Pakistan has called for giving the world’s under-represented regions the opportunity to serve in an expanded United Nations Security Council to make the 15-member body more representative, transparent and accountable as it confronts increasingly complex challenges.
Speaking at the stalled Intergovernmental Negotiations (IGN) on Security Council reform, Ambassador Munir Akram said that the objective of the exercise was to enhance the Council’s credibility and legitimacy.
Progress in the negotiations is held up as India, Brazil, Germany and Japan, known as ‘Group of Four’, have remained inflexible in their push for permanent seats in an enlarged Security Council, while the Italy/Pakistan-led Uniting for Consensus (UfC) group opposes any additional permanent members, saying it would not make the Council more effective.
The Security Council is currently composed of five permanent members — Britain, China, France, Russia and the United States — and 10 non-permanent members elected to serve for two years.
In his remarks, the Pakistani envoy said that the Security Council’s membership and size must be expanded so that all UN Member States have the opportunity to serve on the Council.
“Every seat added to the Council must demonstratively contribute to enhancing the ‘representativeness’ of the Council,” he added.
In this regard, Ambassador Akram said that the UfC’s proposal for expansion in the non-permanent category envisages larger allocations of seats for the under-represented regions of Africa, Asia-Pacific and Latin America.
On the other side, he said that the G-4’s proposal to add six new permanent seats and four non-permanent members would only benefit them.
“The representation of the rest of general membership, excluding the existing and new permanent members (i.e. 182 States), would remain at 8% — exactly where we are at present,” the Pakistani envoy explained. “The Council’s expansion would thus be for the benefit of only the six additional permanent members,” he added.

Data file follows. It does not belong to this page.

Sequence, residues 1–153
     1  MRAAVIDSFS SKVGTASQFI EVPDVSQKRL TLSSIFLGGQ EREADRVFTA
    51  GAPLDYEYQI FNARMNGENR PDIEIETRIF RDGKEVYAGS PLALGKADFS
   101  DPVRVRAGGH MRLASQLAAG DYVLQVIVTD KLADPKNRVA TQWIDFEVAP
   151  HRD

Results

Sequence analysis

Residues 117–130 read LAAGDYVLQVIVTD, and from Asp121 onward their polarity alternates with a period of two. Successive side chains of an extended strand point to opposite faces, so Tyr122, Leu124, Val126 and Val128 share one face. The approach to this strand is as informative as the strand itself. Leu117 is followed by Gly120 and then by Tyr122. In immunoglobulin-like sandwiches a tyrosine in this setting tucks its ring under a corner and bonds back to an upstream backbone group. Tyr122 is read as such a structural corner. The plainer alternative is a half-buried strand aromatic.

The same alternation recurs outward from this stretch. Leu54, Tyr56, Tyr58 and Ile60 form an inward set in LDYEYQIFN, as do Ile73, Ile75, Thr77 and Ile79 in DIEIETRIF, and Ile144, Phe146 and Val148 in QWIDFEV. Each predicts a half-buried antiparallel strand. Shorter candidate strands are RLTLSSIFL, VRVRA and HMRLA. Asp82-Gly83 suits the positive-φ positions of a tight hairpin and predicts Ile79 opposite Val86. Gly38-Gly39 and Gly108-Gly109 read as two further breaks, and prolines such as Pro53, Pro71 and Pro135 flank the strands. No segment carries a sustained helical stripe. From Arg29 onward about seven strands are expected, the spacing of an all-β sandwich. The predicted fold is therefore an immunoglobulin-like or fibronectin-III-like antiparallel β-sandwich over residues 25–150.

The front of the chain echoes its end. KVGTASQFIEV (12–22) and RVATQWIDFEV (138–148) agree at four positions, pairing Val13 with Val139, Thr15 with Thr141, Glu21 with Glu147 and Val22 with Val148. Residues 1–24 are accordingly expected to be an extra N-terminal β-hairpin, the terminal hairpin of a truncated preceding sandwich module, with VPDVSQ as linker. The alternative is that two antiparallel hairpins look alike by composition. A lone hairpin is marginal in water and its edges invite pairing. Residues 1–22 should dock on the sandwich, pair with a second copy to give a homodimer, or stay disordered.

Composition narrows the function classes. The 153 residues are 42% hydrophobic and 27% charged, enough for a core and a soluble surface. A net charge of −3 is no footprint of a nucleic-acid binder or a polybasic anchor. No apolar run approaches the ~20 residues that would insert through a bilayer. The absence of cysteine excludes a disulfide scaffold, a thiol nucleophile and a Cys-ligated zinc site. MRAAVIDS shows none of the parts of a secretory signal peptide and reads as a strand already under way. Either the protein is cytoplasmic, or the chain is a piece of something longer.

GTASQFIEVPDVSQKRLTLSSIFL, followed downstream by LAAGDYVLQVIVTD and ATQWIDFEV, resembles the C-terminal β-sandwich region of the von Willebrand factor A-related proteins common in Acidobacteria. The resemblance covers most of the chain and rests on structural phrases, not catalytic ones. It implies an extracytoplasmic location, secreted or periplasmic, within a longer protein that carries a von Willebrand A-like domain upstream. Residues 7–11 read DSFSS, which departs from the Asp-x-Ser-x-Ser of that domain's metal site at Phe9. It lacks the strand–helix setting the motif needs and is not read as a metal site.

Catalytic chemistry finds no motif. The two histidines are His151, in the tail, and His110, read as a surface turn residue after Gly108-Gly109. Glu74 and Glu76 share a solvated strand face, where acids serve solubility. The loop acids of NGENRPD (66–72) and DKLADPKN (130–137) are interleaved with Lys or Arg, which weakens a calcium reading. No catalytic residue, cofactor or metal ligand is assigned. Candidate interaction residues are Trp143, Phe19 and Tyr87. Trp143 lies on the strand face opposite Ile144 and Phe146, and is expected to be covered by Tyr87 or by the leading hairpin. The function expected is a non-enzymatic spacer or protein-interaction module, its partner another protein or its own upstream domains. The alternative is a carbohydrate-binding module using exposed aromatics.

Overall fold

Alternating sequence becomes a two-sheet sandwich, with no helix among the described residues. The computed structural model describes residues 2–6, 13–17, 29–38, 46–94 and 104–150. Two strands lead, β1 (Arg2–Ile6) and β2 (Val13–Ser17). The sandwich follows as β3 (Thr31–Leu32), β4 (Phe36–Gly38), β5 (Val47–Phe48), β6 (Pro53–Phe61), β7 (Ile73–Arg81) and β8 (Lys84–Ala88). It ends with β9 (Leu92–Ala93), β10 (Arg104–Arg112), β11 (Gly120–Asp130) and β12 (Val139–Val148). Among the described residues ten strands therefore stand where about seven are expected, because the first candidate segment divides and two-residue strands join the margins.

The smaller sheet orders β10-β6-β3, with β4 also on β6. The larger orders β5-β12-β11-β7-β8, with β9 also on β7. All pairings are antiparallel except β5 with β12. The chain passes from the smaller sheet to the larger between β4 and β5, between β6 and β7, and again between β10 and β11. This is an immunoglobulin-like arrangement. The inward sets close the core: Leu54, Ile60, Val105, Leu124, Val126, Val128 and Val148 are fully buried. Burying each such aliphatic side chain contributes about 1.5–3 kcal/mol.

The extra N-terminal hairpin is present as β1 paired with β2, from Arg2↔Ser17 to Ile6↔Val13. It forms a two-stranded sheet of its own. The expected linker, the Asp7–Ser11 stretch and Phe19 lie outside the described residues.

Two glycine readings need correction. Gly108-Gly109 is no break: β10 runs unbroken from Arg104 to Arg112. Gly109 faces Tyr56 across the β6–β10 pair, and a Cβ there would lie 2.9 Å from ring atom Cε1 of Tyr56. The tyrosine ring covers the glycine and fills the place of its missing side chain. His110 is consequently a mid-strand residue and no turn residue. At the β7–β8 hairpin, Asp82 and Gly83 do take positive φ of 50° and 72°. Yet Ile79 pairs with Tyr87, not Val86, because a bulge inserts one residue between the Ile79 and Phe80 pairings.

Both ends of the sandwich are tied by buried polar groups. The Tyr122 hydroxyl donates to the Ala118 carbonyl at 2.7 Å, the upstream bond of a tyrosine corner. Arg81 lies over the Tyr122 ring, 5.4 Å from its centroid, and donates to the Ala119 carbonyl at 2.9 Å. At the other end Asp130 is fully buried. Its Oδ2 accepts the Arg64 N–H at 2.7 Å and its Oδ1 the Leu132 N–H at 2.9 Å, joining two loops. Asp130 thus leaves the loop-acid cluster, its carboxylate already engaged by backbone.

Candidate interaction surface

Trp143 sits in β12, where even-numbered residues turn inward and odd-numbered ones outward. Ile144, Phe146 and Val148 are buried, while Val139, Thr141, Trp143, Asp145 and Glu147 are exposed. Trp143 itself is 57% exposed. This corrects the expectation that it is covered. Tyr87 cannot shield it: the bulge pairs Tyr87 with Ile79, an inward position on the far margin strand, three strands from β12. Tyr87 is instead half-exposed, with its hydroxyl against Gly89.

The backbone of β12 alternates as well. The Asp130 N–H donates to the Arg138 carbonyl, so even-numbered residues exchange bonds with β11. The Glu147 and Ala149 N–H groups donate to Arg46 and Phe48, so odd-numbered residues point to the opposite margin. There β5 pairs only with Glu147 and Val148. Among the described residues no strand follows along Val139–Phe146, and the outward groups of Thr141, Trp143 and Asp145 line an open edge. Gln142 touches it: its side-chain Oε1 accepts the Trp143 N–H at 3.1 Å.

The Pakistani envoy took issue with the progressive erosion of the ‘open’ culture of the Council’s work by the ever more frequent ‘closed’ meetings, saying such meetings were not provided for under the rules of procedure.
Today, he said, non-members of the Council are not allowed to participate even in most of its ‘open’ meetings on an equitable basis.
As regards strengthening the relationship between the General Assembly and the Security Council, Ambassador Akram said among the ways was to achieve it that the role and authority of the 193-member Assembly must be reinforced in determining the representation of members in the Security Council.
Also, he added, that Security Council’s encroachment on the functions of other UN organs must be halted and reversed, and a mechanism evolved to enable states to seek redress if their rights have been impinged by Council’s actions or decisions.
Full-scale negotiations to reform the Security Council began in the General Assembly in February 2009 on five key areas — the categories of membership, the question of veto, regional representation, size of an enlarged Security Council, and working methods of the council and its relationship with the General Assembly.
Despite a general agreement on enlarging the Council, as part of the UN reform process, member states remain sharply divided over the details.